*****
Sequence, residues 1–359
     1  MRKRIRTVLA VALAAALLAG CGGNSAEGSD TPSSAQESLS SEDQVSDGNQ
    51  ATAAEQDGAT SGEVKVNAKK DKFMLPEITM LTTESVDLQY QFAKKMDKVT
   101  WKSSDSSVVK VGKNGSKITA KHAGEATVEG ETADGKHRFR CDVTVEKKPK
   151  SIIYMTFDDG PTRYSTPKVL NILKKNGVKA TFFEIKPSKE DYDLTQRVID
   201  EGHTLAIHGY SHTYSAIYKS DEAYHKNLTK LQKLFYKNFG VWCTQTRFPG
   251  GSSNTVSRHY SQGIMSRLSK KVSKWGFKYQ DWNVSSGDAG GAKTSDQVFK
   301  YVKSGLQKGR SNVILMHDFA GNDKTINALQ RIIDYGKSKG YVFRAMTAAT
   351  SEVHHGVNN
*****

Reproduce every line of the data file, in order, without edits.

Sequence, residues 1–359
     1  MRKRIRTVLA VALAAALLAG CGGNSAEGSD TPSSAQESLS SEDQVSDGNQ
    51  ATAAEQDGAT SGEVKVNAKK DKFMLPEITM LTTESVDLQY QFAKKMDKVT
   101  WKSSDSSVVK VGKNGSKITA KHAGEATVEG ETADGKHRFR CDVTVEKKPK
   151  SIIYMTFDDG PTRYSTPKVL NILKKNGVKA TFFEIKPSKE DYDLTQRVID
   201  EGHTLAIHGY SHTYSAIYKS DEAYHKNLTK LQKLFYKNFG VWCTQTRFPG
   251  GSSNTVSRHY SQGIMSRLSK KVSKWGFKYQ DWNVSSGDAG GAKTSDQVFK
   301  YVKSGLQKGR SNVILMHDFA GNDKTINALQ RIIDYGKSKG YVFRAMTAAT
   351  SEVHHGVNN